If you were into Mobile Suit Gundam Wing back when it aired in the 1990s, then you may have heard of or even played Gundam: Battle Assault on the PSone. In an attempt to capitalise on the aforementioned anime's popularity, publisher Bandai decided to localise the 2D fighter, which was called Gundam: The Battle Master 2 in its native Japan.
A sprite based brawler, Battle Assault features playable mobile suits from across the franchise, all the way from the original Mobile Suit Gundam, up to the property's more recent endeavours. However, with only a small selection to choose from, it's a bit of a pitiful character roster by today's standards, but at least there's a decent amount of variety on offer, from the bulky ZZ Gundam to the comical Acguy.
Bigger mobile armours are also playable, but to say that their inclusion makes the game unbalanced is an understatement. Some suits dish out far more damage than others, while a few of them even feature devastatingly broken combos. It's not a title with competitive credentials, then, but a two player versus mode at least lets fans duke it out.
The fighting itself is quite technical, with an ammo count, and a thruster gauge to keep an eye on. Special techniques are activated through Street Fighter-like button presses, and there's a surprisingly decent amount of depth here, as you learn to link together different moves. Attacks can be reasonably varied, too, from long range beam rifle shots to simple kicks and beam sabre slices to gigantic energy blasts.
The whole system takes a bit of time to get used to, though. Arenas are small, and could even be called cramped, especially when both combatants are each battling as two of the larger suits. This means that there's never much room to manoeuvre, and proceedings can feel static and stifled as a result. Fights also aren't very indicative of the source material, with the suits generally smashing their limbs into each other and only pulling out signature weapons during special moves, but having said that, there's no denying that the game's got its own unique feel.
As battles rage on and health bars begin to deplete, chunks of armour come away, as the mechs slowly reveal their inner workings, complete with little electrical sparks. The real-time damage is a nice touch, and only adds to the already enjoyable detail of the character sprites. In fact, the release as a whole has a great art style, from the bold menu screens to the pilot portraits, while the stage backdrops provide a few interesting looking locations to fight through.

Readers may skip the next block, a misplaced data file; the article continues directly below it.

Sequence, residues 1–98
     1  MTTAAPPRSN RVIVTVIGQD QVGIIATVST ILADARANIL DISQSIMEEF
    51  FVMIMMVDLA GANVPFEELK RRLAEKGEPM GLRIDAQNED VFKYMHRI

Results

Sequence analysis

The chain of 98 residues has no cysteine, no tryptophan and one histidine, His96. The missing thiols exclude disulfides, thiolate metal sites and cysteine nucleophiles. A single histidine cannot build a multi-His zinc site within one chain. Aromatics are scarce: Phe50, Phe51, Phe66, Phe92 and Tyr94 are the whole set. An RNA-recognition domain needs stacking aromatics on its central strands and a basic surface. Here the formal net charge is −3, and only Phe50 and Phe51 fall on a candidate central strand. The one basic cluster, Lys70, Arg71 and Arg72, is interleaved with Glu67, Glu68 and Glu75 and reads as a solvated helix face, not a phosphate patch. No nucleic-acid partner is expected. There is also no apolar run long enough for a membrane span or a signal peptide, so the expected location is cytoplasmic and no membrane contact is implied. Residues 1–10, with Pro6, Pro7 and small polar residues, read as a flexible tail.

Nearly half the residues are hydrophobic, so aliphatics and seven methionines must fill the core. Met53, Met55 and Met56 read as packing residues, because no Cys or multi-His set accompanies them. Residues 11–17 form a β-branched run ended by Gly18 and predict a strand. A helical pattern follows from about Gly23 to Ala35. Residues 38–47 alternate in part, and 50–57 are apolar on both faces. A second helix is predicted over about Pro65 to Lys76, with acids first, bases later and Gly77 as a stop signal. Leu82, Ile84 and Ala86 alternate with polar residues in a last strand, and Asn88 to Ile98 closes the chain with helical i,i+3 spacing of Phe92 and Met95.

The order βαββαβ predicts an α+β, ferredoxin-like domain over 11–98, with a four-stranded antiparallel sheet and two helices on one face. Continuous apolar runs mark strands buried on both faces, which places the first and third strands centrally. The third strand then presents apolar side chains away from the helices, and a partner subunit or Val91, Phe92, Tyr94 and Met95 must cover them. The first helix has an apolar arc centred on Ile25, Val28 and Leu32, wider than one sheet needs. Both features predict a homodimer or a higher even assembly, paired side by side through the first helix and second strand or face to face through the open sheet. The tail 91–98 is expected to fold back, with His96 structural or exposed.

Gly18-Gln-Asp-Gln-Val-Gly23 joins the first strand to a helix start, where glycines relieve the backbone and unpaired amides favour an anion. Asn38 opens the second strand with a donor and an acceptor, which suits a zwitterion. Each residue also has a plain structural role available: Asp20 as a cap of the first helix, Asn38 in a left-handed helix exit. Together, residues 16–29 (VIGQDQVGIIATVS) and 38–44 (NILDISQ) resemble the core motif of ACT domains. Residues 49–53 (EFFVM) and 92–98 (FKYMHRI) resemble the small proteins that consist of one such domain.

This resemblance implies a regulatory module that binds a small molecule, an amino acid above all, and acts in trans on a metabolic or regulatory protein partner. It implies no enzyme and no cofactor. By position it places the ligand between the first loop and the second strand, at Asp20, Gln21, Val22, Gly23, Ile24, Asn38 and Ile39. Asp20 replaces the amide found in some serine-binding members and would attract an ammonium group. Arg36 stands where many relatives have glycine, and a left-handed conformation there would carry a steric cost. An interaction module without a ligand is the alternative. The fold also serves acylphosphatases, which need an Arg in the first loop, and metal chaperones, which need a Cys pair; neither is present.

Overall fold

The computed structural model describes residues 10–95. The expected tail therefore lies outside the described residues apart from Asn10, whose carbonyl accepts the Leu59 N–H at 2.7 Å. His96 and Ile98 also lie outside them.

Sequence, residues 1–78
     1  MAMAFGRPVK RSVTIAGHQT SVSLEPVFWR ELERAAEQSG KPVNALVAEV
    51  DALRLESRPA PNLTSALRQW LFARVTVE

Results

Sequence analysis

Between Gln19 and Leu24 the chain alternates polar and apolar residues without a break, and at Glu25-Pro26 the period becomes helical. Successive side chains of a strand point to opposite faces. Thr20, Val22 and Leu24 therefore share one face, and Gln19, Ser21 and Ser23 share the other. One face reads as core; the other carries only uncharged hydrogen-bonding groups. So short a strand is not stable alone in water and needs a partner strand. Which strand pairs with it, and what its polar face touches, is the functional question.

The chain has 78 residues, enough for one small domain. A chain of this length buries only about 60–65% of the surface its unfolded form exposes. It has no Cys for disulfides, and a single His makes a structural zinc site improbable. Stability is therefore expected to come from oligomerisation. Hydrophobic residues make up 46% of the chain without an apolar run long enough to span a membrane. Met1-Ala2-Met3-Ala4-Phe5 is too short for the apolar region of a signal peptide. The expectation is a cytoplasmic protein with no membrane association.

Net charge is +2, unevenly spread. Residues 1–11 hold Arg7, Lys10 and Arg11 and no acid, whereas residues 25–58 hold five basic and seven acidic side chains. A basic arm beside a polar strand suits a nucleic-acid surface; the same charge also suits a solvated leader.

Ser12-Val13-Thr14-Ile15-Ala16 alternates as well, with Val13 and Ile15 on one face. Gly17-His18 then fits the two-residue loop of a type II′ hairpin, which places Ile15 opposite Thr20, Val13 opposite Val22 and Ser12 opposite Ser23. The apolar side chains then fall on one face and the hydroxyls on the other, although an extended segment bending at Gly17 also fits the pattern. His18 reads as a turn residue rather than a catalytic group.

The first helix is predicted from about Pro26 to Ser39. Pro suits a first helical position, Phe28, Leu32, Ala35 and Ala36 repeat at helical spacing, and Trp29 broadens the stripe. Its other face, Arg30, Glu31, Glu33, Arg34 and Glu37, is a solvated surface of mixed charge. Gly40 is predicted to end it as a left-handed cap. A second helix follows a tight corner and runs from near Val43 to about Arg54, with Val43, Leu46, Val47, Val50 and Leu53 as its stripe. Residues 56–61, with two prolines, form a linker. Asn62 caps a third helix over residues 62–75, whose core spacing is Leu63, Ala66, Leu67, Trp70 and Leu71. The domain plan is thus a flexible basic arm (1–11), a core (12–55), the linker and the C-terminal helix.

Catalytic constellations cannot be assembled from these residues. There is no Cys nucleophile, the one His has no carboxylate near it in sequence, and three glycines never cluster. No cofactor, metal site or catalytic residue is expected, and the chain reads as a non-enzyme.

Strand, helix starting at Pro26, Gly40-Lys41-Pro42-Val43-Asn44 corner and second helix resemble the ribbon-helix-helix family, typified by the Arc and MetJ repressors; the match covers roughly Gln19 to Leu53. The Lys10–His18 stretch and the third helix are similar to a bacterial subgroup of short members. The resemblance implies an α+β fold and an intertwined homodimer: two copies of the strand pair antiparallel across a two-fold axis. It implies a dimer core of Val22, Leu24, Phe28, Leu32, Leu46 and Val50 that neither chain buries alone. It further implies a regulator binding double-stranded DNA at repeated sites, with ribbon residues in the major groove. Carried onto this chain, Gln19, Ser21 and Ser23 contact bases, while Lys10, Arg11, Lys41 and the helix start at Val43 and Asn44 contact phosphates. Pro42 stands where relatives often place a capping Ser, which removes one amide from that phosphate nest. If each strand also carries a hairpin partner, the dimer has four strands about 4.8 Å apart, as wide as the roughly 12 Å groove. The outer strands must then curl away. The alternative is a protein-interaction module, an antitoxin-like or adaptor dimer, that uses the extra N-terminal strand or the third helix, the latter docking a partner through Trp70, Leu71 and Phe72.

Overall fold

Moving onto the title's main feature, story mode puts you in the shoes of Gundam Wing protagonist Heero Yuy, as he attempts to hunt down Treize Khushrenada, one of the series' main antagonists. Funnily enough, this scenario was added only for the Western release of the game, again, in order to capitalise on the animation's popularity, and replaced the storyline of the Japanese version. Not only that, but the pivotal Wing Gundam itself was introduced for the overseas edition, and is actually a clone of the Zeta Gundam, sporting the same moveset, and only differing in terms of visual design.
Jumping from stage to stage and defeating each enemy pilot as you go, the story mode will only last you around 20 minutes, but it's a relatively fun little romp if you're a Gundam fan, although it's worth pointing out that it makes no sense chronologically, or canonically, and exists purely so that the title can mash distant personalities together into a single plot.
Unless you haven't already guessed, Battle Assault is a somewhat bare bones fighter, but that's not to say that it doesn't have its good points. The soundtrack, for example, is great, and hosts some incredibly catchy little tunes that are tinged with 90s anime flair.
Recommended only for hardcore Gundam fans looking for a hit of nostalgia, Gundam: Battle Assault hasn't been ravaged by time, but it was never anything special to begin with. Combat shows promise at times, but small arenas keep brawls from being as grand as they arguably should be, while a lack of content means that you probably won't be spending long in the pilot's seat. Fortunately, the game's style and its enjoyable soundtrack at least make this a somewhat memorable mech-'em-up.